Empire of Light - Review (London Film Festival 2022)
Where Light in Darkness Lies. 4 / 5
Directed by Sam Mendes.
A love story set in and around an old cinema, on the South Coast of England in the 1980s.
Releases in UK Cinemas: January 13th 2023
In a much more personal film compared to Sam Mendes' other work, Empire of Light has moments of cinematic perfection but suffers from an identity crisis as it jumps between its many themes.
Set in 1980s Margate, everything about the film feels profoundly British from the awkward cinema etiquette to the apologetic kindness. But although the initial marketing focuses heavily on this being a film that celebrates film - there's much more to it which is actually where the foundations begin to crumble.
Empire of Light is a celebration of art, it’s a story about mental illness, it's about finding romance in unexpected places, it's a social commentary of its setting, but by not focusing on one of these strands it does a disservice to them all and weakens the final product.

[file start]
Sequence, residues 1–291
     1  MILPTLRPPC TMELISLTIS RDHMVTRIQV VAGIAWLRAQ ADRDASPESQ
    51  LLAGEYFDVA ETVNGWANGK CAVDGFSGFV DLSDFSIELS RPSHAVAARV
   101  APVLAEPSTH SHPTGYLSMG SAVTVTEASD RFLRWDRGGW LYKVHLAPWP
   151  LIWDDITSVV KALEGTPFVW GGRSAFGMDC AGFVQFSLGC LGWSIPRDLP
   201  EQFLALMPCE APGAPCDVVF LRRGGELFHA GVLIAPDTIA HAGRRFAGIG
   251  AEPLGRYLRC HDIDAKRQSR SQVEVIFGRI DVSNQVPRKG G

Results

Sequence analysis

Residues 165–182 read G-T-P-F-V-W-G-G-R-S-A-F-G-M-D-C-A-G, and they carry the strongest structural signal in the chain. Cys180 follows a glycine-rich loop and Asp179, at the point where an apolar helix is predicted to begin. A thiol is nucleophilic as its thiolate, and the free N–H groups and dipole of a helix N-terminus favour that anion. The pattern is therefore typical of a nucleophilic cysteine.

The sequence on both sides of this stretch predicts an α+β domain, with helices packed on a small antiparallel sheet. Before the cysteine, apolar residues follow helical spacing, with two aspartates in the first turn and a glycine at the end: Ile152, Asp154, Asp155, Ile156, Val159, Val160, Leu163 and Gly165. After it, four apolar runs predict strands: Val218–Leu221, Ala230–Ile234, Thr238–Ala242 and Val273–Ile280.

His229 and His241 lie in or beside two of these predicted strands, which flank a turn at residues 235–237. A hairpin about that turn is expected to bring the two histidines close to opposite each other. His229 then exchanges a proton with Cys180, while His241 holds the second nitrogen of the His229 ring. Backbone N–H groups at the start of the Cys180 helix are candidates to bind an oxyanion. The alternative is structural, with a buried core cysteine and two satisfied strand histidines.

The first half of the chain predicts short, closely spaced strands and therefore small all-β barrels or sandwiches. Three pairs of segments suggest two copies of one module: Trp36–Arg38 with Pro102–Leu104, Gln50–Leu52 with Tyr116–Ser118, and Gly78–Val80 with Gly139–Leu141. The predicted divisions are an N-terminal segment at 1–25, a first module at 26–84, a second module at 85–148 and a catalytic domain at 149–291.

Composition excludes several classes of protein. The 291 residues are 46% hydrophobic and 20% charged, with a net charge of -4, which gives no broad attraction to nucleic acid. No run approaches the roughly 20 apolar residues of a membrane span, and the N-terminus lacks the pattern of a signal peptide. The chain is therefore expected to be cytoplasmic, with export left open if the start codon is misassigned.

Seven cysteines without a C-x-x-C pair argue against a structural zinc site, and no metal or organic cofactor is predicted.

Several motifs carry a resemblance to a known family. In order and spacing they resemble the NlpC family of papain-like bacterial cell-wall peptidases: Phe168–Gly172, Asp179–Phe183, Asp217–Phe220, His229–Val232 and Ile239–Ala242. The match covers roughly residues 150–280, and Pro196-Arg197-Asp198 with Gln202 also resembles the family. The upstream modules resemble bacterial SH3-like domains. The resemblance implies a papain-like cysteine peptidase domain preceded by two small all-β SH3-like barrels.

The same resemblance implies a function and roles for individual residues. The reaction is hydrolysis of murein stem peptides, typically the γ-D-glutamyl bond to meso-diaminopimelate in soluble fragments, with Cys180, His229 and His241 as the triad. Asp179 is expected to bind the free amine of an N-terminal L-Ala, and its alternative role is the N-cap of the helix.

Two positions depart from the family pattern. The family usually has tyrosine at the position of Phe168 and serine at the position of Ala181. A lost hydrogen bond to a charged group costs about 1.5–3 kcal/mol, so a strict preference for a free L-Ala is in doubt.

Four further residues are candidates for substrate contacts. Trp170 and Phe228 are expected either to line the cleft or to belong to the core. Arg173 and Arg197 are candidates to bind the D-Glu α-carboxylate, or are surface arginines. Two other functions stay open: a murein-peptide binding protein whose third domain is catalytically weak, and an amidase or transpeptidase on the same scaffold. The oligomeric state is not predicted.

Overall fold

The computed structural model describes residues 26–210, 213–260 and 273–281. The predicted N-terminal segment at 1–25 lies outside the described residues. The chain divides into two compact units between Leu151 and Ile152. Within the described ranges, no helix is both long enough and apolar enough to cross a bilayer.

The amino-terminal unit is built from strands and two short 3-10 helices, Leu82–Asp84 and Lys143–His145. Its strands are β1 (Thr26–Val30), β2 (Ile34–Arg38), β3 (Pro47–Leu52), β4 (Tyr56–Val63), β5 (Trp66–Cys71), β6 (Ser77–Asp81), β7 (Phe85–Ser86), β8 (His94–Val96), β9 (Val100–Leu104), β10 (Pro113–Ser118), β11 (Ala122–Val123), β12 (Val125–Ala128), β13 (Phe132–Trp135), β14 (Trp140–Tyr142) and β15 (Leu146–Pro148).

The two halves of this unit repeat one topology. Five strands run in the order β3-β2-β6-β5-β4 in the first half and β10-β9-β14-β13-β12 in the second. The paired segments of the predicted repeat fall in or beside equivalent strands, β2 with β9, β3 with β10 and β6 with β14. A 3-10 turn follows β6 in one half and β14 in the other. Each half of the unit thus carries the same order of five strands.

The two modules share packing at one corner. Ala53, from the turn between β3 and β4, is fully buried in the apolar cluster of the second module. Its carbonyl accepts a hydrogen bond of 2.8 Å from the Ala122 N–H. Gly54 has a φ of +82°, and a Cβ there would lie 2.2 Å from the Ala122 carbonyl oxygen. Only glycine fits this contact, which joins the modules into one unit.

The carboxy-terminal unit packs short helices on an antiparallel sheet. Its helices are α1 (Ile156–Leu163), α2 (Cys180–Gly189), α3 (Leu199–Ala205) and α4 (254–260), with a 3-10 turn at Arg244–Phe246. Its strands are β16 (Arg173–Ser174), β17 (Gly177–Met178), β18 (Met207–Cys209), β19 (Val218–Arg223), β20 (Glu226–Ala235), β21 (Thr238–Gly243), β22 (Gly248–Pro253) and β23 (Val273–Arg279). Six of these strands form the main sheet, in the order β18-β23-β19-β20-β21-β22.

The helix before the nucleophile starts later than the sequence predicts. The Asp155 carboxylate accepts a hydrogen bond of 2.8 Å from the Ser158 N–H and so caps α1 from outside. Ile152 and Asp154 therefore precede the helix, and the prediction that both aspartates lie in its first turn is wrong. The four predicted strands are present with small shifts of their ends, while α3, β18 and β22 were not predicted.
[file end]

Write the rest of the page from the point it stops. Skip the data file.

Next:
The screenplay is by far the weakest element of the film but it's proof that with the right team, you can make something worthy out of the mundane. Olivia Colman and Michael Ward light up the screen and are backed up by a supporting cast of some of Britain's finest. Trent Reznor and Atticus Ross deliver another punchy score and Roger Deakins continues to prove why he is the master, although there is only so much you can do with the Kent seaside.
But despite the mess, Empire of Light actually won me over in the end as unsurprisingly I am a sucker for the power of escapism through film - Toby Jones' monologue as he describes the attention and care that goes into the art of film projection, watching that in a packed cinema was just pure magic.
All the right pieces are there, but Sam Mendes struggles to put them together coherently producing very mixed results.
Written by Jack Aling Read his latest reviews at: letterboxd.com/TheJackAling